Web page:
The styles are usually bipolar, e.g. reflective versus impulsive, inductive versus deductive, concrete versus abstract. This begs the question: are people really one or the other and not somewhere floating in the middle? Aren’t our styles variable rather than fixed? I’ve known people whose personalities change completely depending on whether they’ve had their morning coffee or not.
The other issue with the notion of a person having “a learning style” is that information processing just doesn’t work like that. It uses multiple modalities. Just as Doug Brown, stranded luggage-less in Naples Airport, used both left and right brain, was both impulsive and reflective, people simultaneously process information in different ways.
Another problem is how to assess a person’s learning style. People commonly report having a particular style, but when tested they don’t do any better using that style than another. In short, people think they are visual or auditory learners, etc., but they’re wrong. They have no idea about their own learning style.
It seems that the concept may not be a Magic Box, after all, but rather a ‘neuromyth’ (a term used by Carol Lethaby and Patricia Harries during their talk at IATEFL 2016).
Misapplied science or the accidental hoax
We language educators like to co-opt the findings of neuroscience. Our profession has the habits of a magpie, the great thief of folklore. Just as we “borrow” from therapy, games, drama, etc., so we happily borrow from science. The problem is, we don’t always see the full picture. An example: left-brain and right-brain theory. This theory came about because of Roger Sperry’s research on brain hemispheres in rats, cats, monkeys, and epileptics. There was no educational use for the theory and no empirical evidence that people are more inclined to be right- or left-brained. Yet we educators brought his work into our classrooms.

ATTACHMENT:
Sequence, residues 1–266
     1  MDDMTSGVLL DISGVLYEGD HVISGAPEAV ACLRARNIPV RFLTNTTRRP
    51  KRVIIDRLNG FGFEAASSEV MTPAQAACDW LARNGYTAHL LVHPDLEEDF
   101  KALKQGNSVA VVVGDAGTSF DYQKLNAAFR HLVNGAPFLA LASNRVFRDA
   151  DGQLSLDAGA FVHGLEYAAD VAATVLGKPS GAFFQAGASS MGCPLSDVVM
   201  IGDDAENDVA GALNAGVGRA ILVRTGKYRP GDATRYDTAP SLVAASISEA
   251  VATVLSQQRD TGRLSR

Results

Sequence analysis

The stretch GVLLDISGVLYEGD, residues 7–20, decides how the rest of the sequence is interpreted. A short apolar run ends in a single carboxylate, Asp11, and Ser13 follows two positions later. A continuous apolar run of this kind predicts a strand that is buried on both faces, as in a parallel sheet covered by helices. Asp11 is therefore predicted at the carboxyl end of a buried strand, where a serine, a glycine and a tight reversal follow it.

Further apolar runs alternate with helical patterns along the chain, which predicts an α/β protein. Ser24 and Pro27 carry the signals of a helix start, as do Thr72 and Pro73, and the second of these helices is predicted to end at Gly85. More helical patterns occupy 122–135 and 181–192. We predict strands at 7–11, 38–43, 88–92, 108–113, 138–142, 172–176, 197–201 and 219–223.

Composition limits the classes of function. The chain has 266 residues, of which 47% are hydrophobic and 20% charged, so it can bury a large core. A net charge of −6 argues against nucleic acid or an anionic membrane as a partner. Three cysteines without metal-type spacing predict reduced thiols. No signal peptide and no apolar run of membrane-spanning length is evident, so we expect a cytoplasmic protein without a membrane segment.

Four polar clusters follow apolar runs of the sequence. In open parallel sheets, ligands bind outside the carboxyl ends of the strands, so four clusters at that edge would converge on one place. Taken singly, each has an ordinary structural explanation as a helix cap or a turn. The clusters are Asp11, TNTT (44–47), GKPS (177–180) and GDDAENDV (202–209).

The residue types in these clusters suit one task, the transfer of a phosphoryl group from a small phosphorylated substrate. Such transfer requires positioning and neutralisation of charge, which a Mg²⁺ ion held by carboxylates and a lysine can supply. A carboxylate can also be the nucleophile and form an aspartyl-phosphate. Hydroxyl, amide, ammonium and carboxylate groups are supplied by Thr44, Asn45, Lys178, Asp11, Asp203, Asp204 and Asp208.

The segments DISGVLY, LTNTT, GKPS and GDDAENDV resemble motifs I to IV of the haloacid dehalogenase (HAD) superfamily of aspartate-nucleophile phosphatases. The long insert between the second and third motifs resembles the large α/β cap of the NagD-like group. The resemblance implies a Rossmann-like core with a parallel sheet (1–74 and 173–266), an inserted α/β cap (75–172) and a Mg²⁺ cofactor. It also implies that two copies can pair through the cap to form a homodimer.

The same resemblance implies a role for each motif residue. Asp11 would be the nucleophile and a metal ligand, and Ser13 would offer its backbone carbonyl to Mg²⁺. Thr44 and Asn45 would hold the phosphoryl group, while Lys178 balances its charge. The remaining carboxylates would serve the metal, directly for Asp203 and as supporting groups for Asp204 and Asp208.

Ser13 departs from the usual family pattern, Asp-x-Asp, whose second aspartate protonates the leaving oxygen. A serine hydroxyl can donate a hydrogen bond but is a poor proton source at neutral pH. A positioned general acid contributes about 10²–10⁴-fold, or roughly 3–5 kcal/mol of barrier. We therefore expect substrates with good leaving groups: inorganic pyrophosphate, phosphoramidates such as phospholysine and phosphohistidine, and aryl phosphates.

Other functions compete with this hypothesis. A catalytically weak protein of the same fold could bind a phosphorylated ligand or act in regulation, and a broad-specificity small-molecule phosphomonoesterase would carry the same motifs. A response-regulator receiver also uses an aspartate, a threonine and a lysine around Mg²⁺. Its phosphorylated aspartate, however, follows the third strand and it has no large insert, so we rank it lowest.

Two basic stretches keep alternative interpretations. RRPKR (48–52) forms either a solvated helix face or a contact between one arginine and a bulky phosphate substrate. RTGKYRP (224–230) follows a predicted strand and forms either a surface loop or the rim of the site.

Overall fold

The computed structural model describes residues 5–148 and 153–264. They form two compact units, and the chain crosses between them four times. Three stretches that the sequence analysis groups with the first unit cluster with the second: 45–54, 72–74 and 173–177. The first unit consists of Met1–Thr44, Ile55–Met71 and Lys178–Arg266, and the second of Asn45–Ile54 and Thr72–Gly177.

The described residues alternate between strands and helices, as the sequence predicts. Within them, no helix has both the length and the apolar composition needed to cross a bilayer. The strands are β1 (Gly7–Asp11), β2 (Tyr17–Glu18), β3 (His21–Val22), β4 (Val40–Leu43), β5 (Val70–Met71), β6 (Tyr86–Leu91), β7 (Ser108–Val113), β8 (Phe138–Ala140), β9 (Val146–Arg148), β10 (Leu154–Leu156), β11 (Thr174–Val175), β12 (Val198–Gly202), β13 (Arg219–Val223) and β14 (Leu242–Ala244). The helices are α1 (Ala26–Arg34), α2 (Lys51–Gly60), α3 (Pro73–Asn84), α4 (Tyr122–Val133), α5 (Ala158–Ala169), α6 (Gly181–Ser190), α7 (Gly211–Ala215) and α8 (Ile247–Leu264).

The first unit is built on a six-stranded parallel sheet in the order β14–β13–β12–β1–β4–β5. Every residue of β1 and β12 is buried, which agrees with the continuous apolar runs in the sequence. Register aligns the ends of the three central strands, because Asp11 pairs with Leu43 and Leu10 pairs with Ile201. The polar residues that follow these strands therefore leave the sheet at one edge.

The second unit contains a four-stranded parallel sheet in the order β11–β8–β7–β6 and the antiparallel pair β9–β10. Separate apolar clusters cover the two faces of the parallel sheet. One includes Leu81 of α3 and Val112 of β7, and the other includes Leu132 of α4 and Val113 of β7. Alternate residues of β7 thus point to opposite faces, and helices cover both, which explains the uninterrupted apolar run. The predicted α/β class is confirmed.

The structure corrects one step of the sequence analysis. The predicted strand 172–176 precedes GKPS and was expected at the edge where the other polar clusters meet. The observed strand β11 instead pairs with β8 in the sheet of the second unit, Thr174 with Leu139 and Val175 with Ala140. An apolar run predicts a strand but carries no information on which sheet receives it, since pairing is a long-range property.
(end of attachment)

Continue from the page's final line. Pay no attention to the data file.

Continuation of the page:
Something similar happened with Gardner’s Theory of Multiple Intelligences. Gardner himself has looked on in horror as his ideas are played out in classrooms in the form of children writhing around on the floor because “they’re kinesthetic learners.” He has repeatedly said it’s only a theory. It shouldn’t drive entire educational methodologies.
Learning styles, which are frequently confused with Multiple Intelligences, have at times been similarly misappropriated.
While learners do report that they have preferences in the way they learn, the educational implications are controversial and inconclusive. Research studies that looked at the correlation between Second Language Acquisition and learning-style-tailored-instruction found negligible gains for the learner. In other words, there’s just no evidence that it works.
None of this means learning styles are worthless. Perhaps the biggest benefit is that the concept has alerted teachers to principled variety: students have a variety of predispositions and teachers might therefore want to provide a variety of activities. Lots of pictures, some extended aural input, hands-on activities and games, some digital whizz-bang and some chalk-and-talk – the variety means we have more chance of reaching more students more of the time.
(*This story begins a chapter on Styles and Strategies in Doug’s book Principles of Language Learning and Teaching.)